Enlight of that fact concerning a one off per season, for locales with no mileage restrictions. It would certainly be nice, if Ohio would return the favor by trekking down South to the ATL for the Corky Kell Classic. We've been trying to entice Tenn., Ala., S.C., N.C., and Fla. to come to this event for years. And only last season, did Hoover, Ala. accept.

Valdosta will mark the third time we've come North in the recent past. (Massillon, Mansfield Timberview, and Glennville)
 

MT1972

Member
Massillon actually has 4 schools that use the Massillon prefix- Massillon Washington, Perry, Jackson, and Tuslaw. However the only Massillon school is Washington. The others just use it for mailing/location purposes. Concerning regions, there are 28 teams in Massillons region. And while on the subject of playing schools in your region, why doesn’t the OHSAA reward teams by playing schools in your region by giving you an extra computer point or 2 win or lose. What does everyone think of that idea.
 

Maxie

Well-known member
3. Massillon does not have 3 high schools. It is just a naming convention based off of mailing address, but the other 2 schools with Massillon in the name are not a part of Massillon schools. Perry and Jackson are their own school districts and operate independently of Massillon Washington. They serve different areas than Massillon Washington, and do not serve anyone within Massillon's boundaries.
Your analysis is accurate, until your last sentence. Some of these school districts’ land are within the City of Massillon’s boundaries. (Massillon City, Perry, Tuslaw, Jackson and Fairless Locals). School districts’ boundaries do not match municipal boundaries.
 

dhsdog06

Well-known member
Massillon actually has 4 schools that use the Massillon prefix- Massillon Washington, Perry, Jackson, and Tuslaw. However the only Massillon school is Washington. The others just use it for mailing/location purposes. Concerning regions, there are 28 teams in Massillons region. And while on the subject of playing schools in your region, why doesn’t the OHSAA reward teams by playing schools in your region by giving you an extra computer point or 2 win or lose. What does everyone think of that idea.

No
 

Mackinbiner

Well-known member
You DO realize that those rules are greatly confusing to us ignorant outsiders? BUT whatever floats your boat, I suppose.
To cut to the chase, yes, Massillon does have open enrollment and any student in the state can attend. They are always, at, or very near to the top, of schools with their number of football players living in another school district.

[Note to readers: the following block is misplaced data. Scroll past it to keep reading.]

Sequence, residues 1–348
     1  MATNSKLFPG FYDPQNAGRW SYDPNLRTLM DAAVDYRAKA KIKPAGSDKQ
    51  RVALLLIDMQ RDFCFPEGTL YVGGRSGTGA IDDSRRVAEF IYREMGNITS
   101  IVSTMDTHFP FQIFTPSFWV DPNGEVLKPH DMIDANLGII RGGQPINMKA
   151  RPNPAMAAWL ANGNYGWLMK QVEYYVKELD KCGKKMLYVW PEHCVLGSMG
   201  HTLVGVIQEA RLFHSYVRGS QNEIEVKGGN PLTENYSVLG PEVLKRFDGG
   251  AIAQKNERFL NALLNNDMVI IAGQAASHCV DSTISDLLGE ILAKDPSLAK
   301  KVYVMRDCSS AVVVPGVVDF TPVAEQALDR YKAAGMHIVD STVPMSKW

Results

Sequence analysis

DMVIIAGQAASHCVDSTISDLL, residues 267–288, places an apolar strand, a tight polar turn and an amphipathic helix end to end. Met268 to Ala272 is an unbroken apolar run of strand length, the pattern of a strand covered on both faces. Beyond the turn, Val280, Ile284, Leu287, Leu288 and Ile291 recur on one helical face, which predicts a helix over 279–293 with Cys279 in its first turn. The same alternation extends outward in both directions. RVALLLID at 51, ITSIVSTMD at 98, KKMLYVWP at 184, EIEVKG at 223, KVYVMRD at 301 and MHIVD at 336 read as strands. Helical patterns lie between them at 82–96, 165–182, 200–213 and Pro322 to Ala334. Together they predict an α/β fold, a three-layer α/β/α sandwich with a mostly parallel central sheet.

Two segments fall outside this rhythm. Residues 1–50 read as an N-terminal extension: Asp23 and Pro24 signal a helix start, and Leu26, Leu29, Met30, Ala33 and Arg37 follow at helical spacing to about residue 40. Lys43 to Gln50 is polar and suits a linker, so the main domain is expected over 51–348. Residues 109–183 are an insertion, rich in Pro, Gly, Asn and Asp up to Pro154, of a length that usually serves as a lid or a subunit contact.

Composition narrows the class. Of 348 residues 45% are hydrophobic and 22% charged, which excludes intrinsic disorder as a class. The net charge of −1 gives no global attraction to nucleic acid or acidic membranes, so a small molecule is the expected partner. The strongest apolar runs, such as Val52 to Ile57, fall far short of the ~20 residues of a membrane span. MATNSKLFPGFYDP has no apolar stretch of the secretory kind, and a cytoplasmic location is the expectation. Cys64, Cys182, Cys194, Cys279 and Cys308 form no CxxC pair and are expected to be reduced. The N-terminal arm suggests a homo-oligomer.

Bluestreakoffice

Well-known member
4. Most affluent and or non diverse communities and schools have closed enrollment.
I would like to correct your statement..most affluent and or non diverse communities..really...what about if the school does not have the physical size..ie buildings to handle open enrollment. I am wondering how that is affluent and non diverse
 

Massillon#82

Well-known member
You DO realize that those rules are greatly confusing to us ignorant outsiders? BUT whatever floats your boat, I suppose.

This is from the OHSAA site, this shows the competitive balance #’s for Massillon’s region last year. Massillon is an open enrollment school and as you can see there are 10 other schools in this division that have a higher competitive balance # than Massillon. So as you can see the #’s don’t lie, there are many schools that benefit more from open enrollment/transfers then Massillon.
 

Mackinbiner

Well-known member

This is from the OHSAA site, this shows the competitive balance #’s for Massillon’s region last year. Massillon is an open enrollment school and as you can see there are 10 other schools in this division that have a higher competitive balance # than Massillon. So as you can see the #’s don’t lie, there are many schools that benefit more from open enrollment/transfers then Massillon.
But, comparing competitive balance numbers between public and private schools makes no sense. It's just like comparing apples to oranges.

Currently, there's only one public school in this division that has a higher CB number than Massillon. And they have been at, or very near the top since Competitive Balance was instituted.